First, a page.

Technology is amazing. It's so great, it's next to impossible to truly appreciate just how phenomenally, staggeringly, unbelievably indescribably great it is. Every day we play with the kind of power that would have medieval villages setting up pyres (or to be more accurate, gallows, since English witches were hanged rather than burned), and every day it becomes harder and harder to be impressed. Innovations become features, features become expectations and expectations become the status quo. And so, the world becomes another slice more cynical and blasé.
It's Google Earth that does it for me. Only a couple of years ago, the mere idea that we'd be able to load up one program and zoom from the atmosphere down to our own back garden in one more or less fluid pan was nothing short of sci-fi. Literally. That was one of the stock special effects when movies like Men in Black wanted to show off. Years of development later, it's bordering on time-travel and teleportation. Archaeologists use it to track ancient civilisations. You can visit distant lands at street level, and where once famous monuments like the Eiffel Tower were simply squat splats on a pixellated landscape, they now stand tall – admittedly, in the middle of flat fields – as proud hybrids of 3D models and photo-realistic textures. The most recent big release is the Ancient Rome layer, which tries to recreate the city at the height of its power. The graphics firmly smack of an educational project – all very clean, with simple textures – but speaking as an amateur classicist, I don't mind. You get museum-style explanations of what everything is, a few indoor scenes to explore and, of course, all the Google tools so you can find out whether there's now a Starbucks where once there was some great ancient relic.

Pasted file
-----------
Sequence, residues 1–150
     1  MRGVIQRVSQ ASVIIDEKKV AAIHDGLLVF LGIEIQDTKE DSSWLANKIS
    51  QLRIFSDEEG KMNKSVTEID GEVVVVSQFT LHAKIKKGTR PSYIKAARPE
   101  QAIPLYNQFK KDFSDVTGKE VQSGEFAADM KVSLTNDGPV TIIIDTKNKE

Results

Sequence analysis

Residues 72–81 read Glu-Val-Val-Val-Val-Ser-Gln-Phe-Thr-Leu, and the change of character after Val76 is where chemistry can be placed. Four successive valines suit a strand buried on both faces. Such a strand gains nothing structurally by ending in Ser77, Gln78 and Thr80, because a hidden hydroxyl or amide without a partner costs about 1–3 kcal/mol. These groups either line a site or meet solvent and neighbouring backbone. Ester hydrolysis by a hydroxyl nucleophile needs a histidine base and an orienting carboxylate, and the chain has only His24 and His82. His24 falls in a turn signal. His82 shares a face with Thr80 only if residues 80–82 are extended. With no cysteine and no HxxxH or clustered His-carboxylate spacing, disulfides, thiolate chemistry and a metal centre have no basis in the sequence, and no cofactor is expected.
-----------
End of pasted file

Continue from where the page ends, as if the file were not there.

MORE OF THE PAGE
( www.techradar.com )